The gold bulls are back, predicting a price of $1 700 an ounce and higher in early 2020.
This month gold rallied to its highest level in six years, ranging between $1 480/oz and $1 510/oz. Standard Chartered Bank expects gold to remain at these prices for the rest of this year and then move to around $1 570/oz by this time next year.
What’s driving this latest move is a cocktail of factors: the US trade war with China, negative bond yields and rising retail investment in gold-backed assets.
The recent rise in the metal price has softened jewellery demand from India and China, but other factors are creating powerful tailwinds that will sustain price momentum into 2020 and beyond. Retail investment in gold-backed exchange-traded funds (ETFs) is picking up, while hedge funds are buying on the dips to $1 480/oz and selling on the mini-rallies to $1 510/oz.
World Gold Council figures show that 374 tons of gold was bought by central banks in the first half of this year, most of it by emerging market countries. Second quarter gold buying by central banks in 2019 was the highest in 19 quarters. It was also the highest quarter in six years for buying by ETFs. SA gold stocks have benefitted from the higher price despite weak production figures in the third quarter of this year, largely due to labour-related disruptions at Sibanye-Stillwater.
The predictions for gold range from the modest to the wild.
Gold doesn’t get much love from the mainstream investment crowd because of the peculiar universe it occupies.
It is a physical asset with limited supply and pays no dividend. What is does offer, however, is protection against economic uncertainty.
Frank Giustra, chairman of Leagold, says the global debt bubble has caused massive mispricing in asset values and the world economy is long overdue for a reckoning.
Global debt is now hovering close to $244 trillion, according to Bloomberg – more than three times the size of the global economy. The problem with much of this debt is that returns are now negative or close to zero, which poses massive risk to retirement savings.
This has to end badly for the world economy, Giustra told Kitco News, but will be good for gold. Central banks attack every economic problem with another bout of quantitative easing and appear to have run out of ideas about what to do to keep the world economy afloat.
This failed monetary experiment is going to drive the metal price higher in 2020, says Giustra.
He adds that the best way to participate in this bull run is by owning bullion directly and by making select investments in gold mining stocks managed by teams with a proven track record.
Higher cost mining groups are more leveraged to a rising gold price and therefore offer the potential of spectacular returns – assuming the gold price continues its upward run into 2020 and beyond.
The dizzying predictions
Independent gold analyst Peter Grandich has been pretty spot-on with his predictions in the last six years, calling the break above $1 500 an ounce over a year ago. Gold is now forming a base around $1 500/oz and is preparing for the third leg of a major bull run that will take it past $2 000/oz in the coming few years.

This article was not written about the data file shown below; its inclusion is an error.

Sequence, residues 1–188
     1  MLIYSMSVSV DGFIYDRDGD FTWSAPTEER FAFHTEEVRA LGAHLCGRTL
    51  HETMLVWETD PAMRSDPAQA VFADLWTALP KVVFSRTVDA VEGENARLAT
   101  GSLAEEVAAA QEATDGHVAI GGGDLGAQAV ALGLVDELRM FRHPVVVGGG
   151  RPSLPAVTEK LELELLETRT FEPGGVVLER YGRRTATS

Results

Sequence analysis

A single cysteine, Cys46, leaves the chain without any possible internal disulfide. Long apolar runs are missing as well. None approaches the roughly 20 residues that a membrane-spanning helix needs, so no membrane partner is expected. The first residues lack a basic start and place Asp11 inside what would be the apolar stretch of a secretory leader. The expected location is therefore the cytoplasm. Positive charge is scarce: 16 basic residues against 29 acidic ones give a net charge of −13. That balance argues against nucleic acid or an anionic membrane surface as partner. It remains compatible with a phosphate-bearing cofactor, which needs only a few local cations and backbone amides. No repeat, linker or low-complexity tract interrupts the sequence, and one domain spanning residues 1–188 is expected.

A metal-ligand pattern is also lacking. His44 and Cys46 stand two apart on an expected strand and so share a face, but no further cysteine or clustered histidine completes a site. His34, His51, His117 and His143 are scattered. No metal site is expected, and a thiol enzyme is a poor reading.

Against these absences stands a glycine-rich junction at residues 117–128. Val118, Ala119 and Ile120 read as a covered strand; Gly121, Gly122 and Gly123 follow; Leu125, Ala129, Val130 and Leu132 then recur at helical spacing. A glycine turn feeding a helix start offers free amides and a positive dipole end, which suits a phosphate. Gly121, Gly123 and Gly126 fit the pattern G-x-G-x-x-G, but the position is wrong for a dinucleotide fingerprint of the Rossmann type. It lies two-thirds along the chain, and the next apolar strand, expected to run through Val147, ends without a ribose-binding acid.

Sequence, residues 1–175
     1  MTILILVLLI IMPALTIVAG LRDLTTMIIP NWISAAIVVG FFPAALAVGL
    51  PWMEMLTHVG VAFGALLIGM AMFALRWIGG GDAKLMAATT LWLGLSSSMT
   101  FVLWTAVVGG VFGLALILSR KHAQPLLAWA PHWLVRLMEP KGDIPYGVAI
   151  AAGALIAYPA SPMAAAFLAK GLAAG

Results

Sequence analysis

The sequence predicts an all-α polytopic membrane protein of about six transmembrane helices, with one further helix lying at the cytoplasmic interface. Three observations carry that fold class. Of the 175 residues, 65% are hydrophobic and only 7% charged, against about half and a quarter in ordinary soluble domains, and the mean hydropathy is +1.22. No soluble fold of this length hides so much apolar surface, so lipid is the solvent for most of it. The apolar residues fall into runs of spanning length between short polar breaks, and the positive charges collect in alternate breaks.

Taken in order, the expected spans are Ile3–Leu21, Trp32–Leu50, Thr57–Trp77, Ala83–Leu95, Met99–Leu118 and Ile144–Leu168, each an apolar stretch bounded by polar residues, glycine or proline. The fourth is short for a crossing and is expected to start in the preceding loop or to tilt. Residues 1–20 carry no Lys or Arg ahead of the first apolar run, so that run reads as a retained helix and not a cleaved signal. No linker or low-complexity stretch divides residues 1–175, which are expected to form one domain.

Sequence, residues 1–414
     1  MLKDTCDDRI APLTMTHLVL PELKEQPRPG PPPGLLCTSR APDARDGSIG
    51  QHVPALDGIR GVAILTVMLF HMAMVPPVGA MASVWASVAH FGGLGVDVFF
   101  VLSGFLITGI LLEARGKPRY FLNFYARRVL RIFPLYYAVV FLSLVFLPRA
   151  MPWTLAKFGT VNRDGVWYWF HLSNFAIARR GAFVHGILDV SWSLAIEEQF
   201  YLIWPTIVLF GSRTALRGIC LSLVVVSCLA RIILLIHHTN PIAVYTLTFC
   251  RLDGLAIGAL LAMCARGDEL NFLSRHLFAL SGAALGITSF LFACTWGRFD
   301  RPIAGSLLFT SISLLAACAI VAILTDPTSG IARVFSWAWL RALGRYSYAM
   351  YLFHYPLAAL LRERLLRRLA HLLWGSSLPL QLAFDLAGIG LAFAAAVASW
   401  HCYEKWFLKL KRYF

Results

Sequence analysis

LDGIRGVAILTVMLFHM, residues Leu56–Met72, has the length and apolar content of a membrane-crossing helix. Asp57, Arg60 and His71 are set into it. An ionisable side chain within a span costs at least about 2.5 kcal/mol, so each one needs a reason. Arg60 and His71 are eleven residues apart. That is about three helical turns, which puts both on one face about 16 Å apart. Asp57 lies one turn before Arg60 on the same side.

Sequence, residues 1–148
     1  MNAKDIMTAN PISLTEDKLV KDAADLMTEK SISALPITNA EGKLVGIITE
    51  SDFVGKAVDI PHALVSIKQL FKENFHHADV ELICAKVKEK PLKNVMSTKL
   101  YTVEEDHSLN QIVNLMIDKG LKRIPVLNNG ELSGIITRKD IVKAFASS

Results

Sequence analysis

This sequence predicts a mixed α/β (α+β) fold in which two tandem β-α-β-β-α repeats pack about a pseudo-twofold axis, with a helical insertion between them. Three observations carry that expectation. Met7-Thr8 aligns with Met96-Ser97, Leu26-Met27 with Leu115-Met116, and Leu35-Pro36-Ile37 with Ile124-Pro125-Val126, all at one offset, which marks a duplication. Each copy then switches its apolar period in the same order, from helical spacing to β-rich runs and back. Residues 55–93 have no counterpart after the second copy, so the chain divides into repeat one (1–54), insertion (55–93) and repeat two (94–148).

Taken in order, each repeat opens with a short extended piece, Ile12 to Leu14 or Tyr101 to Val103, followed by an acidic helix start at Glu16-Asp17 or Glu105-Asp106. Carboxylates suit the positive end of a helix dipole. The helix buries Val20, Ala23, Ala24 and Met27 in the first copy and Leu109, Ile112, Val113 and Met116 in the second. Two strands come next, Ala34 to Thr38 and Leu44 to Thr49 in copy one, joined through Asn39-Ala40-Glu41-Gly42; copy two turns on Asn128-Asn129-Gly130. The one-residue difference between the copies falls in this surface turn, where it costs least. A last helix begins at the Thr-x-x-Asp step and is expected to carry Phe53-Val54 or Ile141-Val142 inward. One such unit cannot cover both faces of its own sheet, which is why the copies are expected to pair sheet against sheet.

In 2018 he announced he was selling virtually all his equity holdings, arguing that gold was a better vehicle for capital gains going forward. Now that gold appears to be forming a new bottom at just below $1 500/oz, the weak-kneed gold bulls have already cashed out. But new retail investment appears to be picking up the slack.
We’re in the third and final phase of the gold market that started in 2001 and this will be the most explosive phase for gold, according to Giustra, who sees bullion punching through the $2 000/oz mark in the next few years.
This will be accompanied by recession, and countries competing with each other to devalue their currencies.
Giustra has a decent track record when it comes to predicting gold. In 2008 he predicted the world would avert a depression, but that the effects of the easy money project would be felt later and that gold would surge. The metal went above $1 900/oz in 2012 and then spent the next six years in hibernation.
As the chart below shows, coal was (and still is) the driving force of the mining sector for much of the last three years but has since fallen behind the spectacular surge in platinum and gold stocks. Gold stocks have lagged platinum over the last year, breaking a correlation that remained intact between 2016 and 2018.
Coal vs platinum vs gold index
Peter Major of Mergence Corporate Solutions says the commodity market bottomed in 2015, and coal became a victim of the state capture project at Eskom, where contracts were gifted to cronies rather than the large low-cost producers that two decades ago made Eskom one of the lowest cost producers of electricity in the world. That, and the rising costs of mine rehabilitation, pushed most of the large-scale players out of coal.
Instead of coal being shipped by conveyor belt, it was trucked in from afar, causing a spike in the cost of delivered coal for which the entire country is still paying today. Speaking at the recent Joburg Mining Indaba, Eskom CEO Jabu Mabuza said he wants a return to the proven formula of long-term contracts, with coal delivered by conveyor belt.
International coal prices have dropped from about $100 per ton to $60/t in the last few months, forcing investor interest to shift back to other commodities such as gold.
Gold price in USD – predicted to hit $1 700/oz in 2020